Congregational survey profiles US worshipers

May 14, 2002

The results of a survey of 300,000 worshipers in over 2,000 congregations in the United States show that two out of every 100 people sitting in worship services are attending that congregation for the first time.

The U.S. Congregational Life Survey, released in April, showed that 10% of U.S. congregations draw 50% of all worshipers each week, while another 40% of congregations have 39% of worshipers attending services each week. The remaining 50% of all congregations have only 11% of the total number of worshipers in any given week. The average Roman Catholic parish has 375 attending Mass each week; other denominations and faith traditions average only 84 in worship each week.

The typical worshiper is female, 50 years old, employed, well educated, and married. Average worshipers are well educated, tend to be 'good neighbors' and 'good citizens.' About 83% of those in the pews attend almost every week, and most worshipers connect with their congregation primarily during worship services. Fewer men attend worship than women. Large percentages of worshipers are not currently living in a traditional 2-parent household and most (53%) do not have children living at home. Married couples with children are the 'minority profile' in congregations, as they are in the general U.S. population.

The majority of worshipers (63%) spend at least a few times a week in private devotional activities things like reading the Bible or other devotional materials, praying, or meditating. Half of all worshipers (55%) say they have experienced much growth in their faith in the last year, and the number one reason worshipers give for their growth in faith is their participation in the congregation.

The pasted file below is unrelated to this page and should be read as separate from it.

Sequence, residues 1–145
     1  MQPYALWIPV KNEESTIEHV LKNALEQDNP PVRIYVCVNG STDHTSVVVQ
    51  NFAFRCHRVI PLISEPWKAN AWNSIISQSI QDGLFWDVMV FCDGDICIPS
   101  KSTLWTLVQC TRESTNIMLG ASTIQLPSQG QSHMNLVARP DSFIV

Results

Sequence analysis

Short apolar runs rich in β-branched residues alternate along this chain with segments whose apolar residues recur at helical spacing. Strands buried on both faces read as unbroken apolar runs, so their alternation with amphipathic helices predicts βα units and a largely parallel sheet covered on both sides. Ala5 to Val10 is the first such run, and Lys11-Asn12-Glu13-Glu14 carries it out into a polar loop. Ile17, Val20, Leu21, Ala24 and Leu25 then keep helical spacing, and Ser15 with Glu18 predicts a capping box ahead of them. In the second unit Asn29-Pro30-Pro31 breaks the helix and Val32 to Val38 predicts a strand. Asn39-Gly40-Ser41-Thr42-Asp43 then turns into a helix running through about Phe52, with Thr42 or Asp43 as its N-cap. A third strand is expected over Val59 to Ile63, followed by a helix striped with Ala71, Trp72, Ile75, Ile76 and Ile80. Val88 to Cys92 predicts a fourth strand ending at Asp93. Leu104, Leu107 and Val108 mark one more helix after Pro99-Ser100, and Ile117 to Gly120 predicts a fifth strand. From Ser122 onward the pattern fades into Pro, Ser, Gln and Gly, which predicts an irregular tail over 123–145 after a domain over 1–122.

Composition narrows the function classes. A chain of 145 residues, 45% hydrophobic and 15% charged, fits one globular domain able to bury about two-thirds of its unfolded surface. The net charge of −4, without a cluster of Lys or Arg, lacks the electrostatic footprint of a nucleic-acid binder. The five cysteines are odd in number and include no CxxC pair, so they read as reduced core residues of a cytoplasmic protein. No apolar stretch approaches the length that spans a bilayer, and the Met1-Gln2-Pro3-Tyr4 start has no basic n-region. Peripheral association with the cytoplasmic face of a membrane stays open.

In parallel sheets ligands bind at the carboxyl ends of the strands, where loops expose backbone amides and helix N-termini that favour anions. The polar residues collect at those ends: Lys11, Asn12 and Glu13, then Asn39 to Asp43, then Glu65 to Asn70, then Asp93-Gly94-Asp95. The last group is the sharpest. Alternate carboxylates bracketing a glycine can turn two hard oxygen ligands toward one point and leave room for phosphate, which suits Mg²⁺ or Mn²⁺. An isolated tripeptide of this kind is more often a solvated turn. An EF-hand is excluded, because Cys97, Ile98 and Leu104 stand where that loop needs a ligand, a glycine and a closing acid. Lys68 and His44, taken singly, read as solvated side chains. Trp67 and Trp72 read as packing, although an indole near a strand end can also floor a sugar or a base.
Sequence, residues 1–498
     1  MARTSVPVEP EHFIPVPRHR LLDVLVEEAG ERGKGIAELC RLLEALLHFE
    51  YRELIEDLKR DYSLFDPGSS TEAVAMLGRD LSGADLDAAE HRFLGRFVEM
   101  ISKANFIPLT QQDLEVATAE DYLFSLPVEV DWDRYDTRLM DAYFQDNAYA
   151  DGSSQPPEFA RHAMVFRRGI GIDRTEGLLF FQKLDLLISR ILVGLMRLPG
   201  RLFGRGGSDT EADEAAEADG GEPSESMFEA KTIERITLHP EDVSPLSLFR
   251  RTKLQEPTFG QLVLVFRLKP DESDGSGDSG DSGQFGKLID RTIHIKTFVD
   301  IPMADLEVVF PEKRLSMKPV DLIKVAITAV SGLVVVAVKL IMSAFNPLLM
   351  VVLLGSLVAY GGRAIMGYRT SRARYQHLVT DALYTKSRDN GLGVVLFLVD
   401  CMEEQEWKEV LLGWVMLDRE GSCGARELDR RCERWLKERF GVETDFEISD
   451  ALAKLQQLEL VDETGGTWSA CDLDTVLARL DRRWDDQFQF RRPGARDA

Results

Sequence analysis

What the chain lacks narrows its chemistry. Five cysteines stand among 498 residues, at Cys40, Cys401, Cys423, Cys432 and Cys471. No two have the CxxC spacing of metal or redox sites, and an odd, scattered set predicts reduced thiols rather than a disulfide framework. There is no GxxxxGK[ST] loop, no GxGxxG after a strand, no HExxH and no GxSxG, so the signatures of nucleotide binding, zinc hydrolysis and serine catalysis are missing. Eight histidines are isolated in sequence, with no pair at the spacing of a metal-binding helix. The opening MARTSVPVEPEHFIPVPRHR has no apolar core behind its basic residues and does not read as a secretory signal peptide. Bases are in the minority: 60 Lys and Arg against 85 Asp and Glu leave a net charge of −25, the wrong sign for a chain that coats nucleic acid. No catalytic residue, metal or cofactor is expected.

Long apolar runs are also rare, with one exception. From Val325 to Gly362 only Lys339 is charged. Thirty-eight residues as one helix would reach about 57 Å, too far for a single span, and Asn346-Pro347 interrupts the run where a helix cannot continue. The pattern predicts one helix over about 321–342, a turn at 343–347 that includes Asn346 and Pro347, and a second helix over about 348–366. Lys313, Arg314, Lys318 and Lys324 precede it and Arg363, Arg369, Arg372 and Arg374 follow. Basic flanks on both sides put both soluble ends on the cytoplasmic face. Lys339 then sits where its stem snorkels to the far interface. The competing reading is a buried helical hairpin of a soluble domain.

The turnover rate in the average congregation is fairly high: 7% of all new people are participating in a congregation for the first time; 18% formerly participated and are returning to worship attendance. Another 18% switched their religious affiliation from one denomination or faith group to another, and 57% of move membership from one congregation to another of the same faith group. Transfers and switchers together make up 75% of new people and 21% of all worshipers. This means that 21% of worshipers changed congregations in the last five years.

Newcomers are less likely to be involved in small groups, serving in a leadership role, or taking part in outreach, evangelism, community service, or advocacy activities. They are just as likely as long-term participants to give 10% or more, but more likely to give small amounts of money whenever they attend. They are younger than the average worshiper by eight years, and working full- or part-time is more common. About 40% hold college degrees or more advanced degrees. They are more likely than long-time worshipers to have never married or to be remarried after divorce.

U.S. participants completed the U.S. Congregational Life Survey during worship services in April 2001. The survey was conducted by U.S. Congregations, a religious research group housed in the offices of the Presbyterian Church (U.S.A.) in Louisville, Kentucky. Participating congregations came from the Evangelical Lutheran Church in America, United Methodist Church, Southern Baptist Convention, Presbyterian Church (U.S.A.), United Church of Christ, Roman Catholic Church, Seventh-day Adventist, and Church of the Nazarene.

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